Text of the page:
These exchanges might sound trivial or self-evident, but rarely is black America engaged in a meaningful public dialogue about its own diversity and its many internal differences.

Something else we can learn from the ''Diary" phenomenon is that things in Hollywood look bleak for black women. According to a 2003 census from the Screen Actors Guild, African-American males accounted for 64 more starring roles in films than in the previous year while African-American women won only 14 more. That's something to worry about, and I think the droves that turned out for ''Diary" sense this. It's the only way to explain the heated response to its detractors. Fans made the movie number one, and they're proud.

Three years ago, when Halle Berry became the first black woman to win an Academy Award for best actress, she accepted her statue with a vow that doors would open for black women in Hollywood. Since then, Berry has since picked the door to ''Gothika," then the one to ''Catwoman," which is sort of a milestone: She can front a mediocre movie as well as any white star.

Despite Berry's promise of advancement, a lot of other great actresses -- Regina King, Kerry Washington, Aunjanue Ellis, Vivica A. Fox, Nia Long, Gabrielle Union, Paula Jai Parker, Viola Davis, I could go on -- are languishing on the sidelines. Meanwhile, too many shiny parts go to Beyoncé, something that's both inexplicable and understandable.

White men run Hollywood, and when they see industrial fans blowing Beyoncé's hair extensions while she wags her hips and emits her police-siren vocals, a cash register drawer pops open. She doesn't seem capable of acting her way into a paper bag, but it's easy to cast her and her clones (hi, Christina Milian and Ashanti) because their ubiquity on BET and MTV make them preapproved for movie audiences. Meanwhile: Angela Bassett and Alfre Woodard, where are you?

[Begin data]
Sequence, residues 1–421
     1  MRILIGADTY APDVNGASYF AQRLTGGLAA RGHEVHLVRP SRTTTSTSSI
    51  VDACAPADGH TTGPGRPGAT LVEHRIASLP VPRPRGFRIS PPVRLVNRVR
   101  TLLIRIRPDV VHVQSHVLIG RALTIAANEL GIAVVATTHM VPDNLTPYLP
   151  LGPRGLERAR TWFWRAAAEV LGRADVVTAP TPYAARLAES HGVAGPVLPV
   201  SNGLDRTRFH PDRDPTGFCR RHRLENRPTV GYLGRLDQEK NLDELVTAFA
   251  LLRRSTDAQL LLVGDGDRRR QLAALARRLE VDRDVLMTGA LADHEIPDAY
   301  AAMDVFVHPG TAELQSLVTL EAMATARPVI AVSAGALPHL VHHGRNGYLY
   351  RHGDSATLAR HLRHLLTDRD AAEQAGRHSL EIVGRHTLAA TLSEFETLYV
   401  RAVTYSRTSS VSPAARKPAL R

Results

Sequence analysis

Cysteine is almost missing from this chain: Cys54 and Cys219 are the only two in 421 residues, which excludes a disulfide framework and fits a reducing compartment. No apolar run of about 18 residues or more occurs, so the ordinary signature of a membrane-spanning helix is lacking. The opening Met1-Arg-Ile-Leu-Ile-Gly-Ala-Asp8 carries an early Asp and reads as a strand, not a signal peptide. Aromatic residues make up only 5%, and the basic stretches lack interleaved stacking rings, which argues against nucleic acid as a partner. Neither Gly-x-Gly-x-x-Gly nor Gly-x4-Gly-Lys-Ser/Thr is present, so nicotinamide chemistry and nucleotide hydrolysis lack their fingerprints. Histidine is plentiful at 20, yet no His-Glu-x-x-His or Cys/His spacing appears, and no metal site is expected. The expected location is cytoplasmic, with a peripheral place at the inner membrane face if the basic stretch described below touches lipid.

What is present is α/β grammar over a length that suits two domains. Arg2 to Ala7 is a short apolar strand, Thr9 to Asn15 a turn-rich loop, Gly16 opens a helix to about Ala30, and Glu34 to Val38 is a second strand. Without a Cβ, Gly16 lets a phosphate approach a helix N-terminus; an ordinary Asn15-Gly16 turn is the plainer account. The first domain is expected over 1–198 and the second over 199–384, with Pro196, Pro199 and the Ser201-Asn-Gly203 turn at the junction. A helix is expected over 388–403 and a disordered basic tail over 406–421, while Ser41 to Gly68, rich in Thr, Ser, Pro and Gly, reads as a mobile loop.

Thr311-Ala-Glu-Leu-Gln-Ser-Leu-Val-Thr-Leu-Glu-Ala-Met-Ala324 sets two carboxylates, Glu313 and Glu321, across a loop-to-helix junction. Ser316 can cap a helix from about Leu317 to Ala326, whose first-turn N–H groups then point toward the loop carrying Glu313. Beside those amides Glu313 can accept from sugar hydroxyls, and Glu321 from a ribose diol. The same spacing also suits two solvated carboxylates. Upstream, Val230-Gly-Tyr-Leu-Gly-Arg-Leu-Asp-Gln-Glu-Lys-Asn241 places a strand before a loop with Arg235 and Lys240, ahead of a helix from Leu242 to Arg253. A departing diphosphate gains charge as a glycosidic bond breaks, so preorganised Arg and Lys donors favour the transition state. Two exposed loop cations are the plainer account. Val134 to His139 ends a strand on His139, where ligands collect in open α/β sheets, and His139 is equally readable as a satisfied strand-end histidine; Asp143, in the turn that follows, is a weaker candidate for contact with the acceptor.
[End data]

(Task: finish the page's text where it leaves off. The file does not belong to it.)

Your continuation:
Right now is a good time to be an African-American man in the movie industry. Brand-new Oscar winner Jamie Foxx is the toast of Hollywood. Having played God in a movie, Morgan Freeman, also a recent Oscar winner, is widely thought to be God. Will Smith's ''Hitch" is the biggest movie of the year so far, and, I'm ashamed to say, Ice Cube's ''Are We There Yet?" is right behind it. ''Diary" writer Perry's star is on the rise. Samuel L. Jackson quietly scored a hit in late January with ''Coach Carter," while F. Gary Gray and Darren Grant, the respective directors of ''Be Cool" and ''Diary," are black men. So are the directors of the upcoming ''Beauty Shop," ''Guess Who," and ''The Fantastic Four."

To get better, more complicated stories told about black women might require more black female writers and directors -- and if you think things are grim for black film actresses, try being a black woman director. The discrepancy between the endless number of African-American women draped over rappers and the paltry number saying ''that's a wrap" is staggering. That's enough to make anybody mad. But when will someone get mad enough not to take it anymore?

Wesley Morris can be reached at

Today (free)
Yesterday (free)
Past 30 days
Last 12 months